• On the 6th Day,you will be introduced to Timeline, which has defined most of what you are today- Your Personality. We will learn to become aware of our timeline, change timeline and change and edit past events that are still haunting us from moving ahead and living fully in the moment. You will also learn to go into trance in few minutes and send others into trance so quickly that you will wonder if Hypnosis and Trance induction could be so easy. Everyone on the planet has been under hypnosis and trance unconsciously but this time it will be consciously done so that your unconscious is totally aligned with and have permission to do so.
  • On the 7th Day, we will carry forward timeline and try to understand it from the Meta States perspective and run patterns that will help us get rid of old decisions, emotions that are still interfering with our behaviours today, and also move into the future and deal with those unfinished businessesthat are keeping us anxious. Also we will learn to create New Part within us that will help us to trigger and activate desired behaviours like assertiveness, confidence, discipline etc. We will also deal with those internal conflicts that are warring inside of us and not allowing us to concentrate in either area.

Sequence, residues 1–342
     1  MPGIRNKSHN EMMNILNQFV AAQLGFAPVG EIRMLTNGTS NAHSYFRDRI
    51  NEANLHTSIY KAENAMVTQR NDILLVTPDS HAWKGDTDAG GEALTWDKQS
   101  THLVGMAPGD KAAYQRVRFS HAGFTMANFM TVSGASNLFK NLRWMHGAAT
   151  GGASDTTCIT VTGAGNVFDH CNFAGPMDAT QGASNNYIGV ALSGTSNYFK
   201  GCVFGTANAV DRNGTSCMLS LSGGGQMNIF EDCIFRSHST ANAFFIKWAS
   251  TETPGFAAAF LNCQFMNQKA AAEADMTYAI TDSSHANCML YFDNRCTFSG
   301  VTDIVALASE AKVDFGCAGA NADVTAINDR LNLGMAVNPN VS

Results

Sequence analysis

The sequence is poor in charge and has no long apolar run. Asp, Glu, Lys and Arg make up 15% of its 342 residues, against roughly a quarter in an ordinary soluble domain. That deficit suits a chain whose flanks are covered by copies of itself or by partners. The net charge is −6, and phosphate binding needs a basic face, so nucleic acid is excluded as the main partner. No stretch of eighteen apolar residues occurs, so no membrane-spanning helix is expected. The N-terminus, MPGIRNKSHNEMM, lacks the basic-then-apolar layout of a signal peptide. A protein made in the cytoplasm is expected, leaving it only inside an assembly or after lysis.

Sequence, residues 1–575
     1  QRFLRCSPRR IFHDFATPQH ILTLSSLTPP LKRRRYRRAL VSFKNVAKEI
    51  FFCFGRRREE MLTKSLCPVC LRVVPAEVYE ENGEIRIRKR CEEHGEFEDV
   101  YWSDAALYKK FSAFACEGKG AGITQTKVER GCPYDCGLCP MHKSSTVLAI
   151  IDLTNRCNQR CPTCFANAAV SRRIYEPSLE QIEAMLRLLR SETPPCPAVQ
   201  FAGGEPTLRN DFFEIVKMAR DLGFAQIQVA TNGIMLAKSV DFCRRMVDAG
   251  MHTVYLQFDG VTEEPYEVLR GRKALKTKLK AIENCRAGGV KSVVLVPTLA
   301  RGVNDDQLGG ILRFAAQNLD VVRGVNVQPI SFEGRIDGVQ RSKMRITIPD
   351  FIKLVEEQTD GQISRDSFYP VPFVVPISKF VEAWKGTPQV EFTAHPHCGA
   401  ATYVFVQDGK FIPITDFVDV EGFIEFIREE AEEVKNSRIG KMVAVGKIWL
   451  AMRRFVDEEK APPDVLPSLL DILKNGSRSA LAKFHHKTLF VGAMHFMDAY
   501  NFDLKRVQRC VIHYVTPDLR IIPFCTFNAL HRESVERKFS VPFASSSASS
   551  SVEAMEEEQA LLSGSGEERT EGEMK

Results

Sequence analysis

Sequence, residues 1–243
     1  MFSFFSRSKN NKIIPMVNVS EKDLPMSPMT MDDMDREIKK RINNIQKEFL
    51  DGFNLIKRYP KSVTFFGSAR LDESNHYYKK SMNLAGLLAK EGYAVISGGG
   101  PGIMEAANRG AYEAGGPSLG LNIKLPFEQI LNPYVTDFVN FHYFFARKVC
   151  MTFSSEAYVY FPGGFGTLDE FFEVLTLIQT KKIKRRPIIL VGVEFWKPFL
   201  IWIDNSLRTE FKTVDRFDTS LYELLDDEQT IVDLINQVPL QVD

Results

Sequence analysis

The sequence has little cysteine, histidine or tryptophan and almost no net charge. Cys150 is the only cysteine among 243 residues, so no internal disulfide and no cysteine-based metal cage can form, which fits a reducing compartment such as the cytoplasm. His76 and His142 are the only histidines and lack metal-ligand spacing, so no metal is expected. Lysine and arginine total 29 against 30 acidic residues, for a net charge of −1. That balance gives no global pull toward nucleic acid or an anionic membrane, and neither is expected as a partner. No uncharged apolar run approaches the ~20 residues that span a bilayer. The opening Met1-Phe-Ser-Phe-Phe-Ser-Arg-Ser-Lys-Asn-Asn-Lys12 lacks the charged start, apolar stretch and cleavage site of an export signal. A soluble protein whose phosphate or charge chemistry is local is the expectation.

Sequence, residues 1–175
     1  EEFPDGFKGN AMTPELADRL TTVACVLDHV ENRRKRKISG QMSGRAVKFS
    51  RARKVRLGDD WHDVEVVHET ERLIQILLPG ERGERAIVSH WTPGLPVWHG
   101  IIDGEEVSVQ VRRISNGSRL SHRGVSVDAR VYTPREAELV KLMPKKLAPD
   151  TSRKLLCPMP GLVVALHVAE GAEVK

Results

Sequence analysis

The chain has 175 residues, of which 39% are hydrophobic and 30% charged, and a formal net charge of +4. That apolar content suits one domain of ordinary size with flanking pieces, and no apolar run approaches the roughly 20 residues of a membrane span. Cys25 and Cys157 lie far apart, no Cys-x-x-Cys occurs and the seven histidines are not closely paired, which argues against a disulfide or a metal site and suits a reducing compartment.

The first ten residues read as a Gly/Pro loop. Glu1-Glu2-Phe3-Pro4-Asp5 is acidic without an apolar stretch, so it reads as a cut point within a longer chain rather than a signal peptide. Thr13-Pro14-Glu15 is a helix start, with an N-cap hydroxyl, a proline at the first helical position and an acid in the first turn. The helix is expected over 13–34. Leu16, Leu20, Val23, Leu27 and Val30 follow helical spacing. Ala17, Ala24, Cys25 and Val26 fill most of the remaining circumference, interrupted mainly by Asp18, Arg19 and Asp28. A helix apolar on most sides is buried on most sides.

• On the later part of the 7th Day,we will have an Assessment and Testwhere you will be assessed on your competencies and knowledge. Most other NLP Certification just dole out certificates but we at ISNS-USA do not do that.We will withhold your certificate if we think you are not yet ready to receive the certificate, but we will allow you to attend our Next Course for Free to attempt again. Certificates are earned at the International Society of Neuro Semantics. This is what makes us different than other NLP Institutes.
  • If you clear the Test successfully, you will be certified as an NLP Coach, NLP Practitioner and Neuro Semantics Practitioner. And you will be proud to stand head and shoulders above other Practitioners in the country.

NS-NLP LICENSED TRAINER: ROMEO HAOKIP
“Romeo is a highly conscientious trainer who cares deeply for his audience. His commitment to refining the basics as well as ongoing development make him an excellent trainer”.
Dr Alan Fayter-New Zealand, Dr.Clinical Hypnosis, IANLP Trainer.

Romeo is the only Indian Licensed Trainer and Master Practitioner in NLP-Neuro Semantics in South India from the International Society of Neuro Semantics-USA, who was personally trained at Hongkong by Dr. Michael Hall-Phd, Founder of Neuro Semantics-one of the most respected and recognized Trainer in the whole field of NLP & Cognitive Behavioral Psychology and Colin Cox from New Zealand, one of the finest NLP Master Trainer in the world.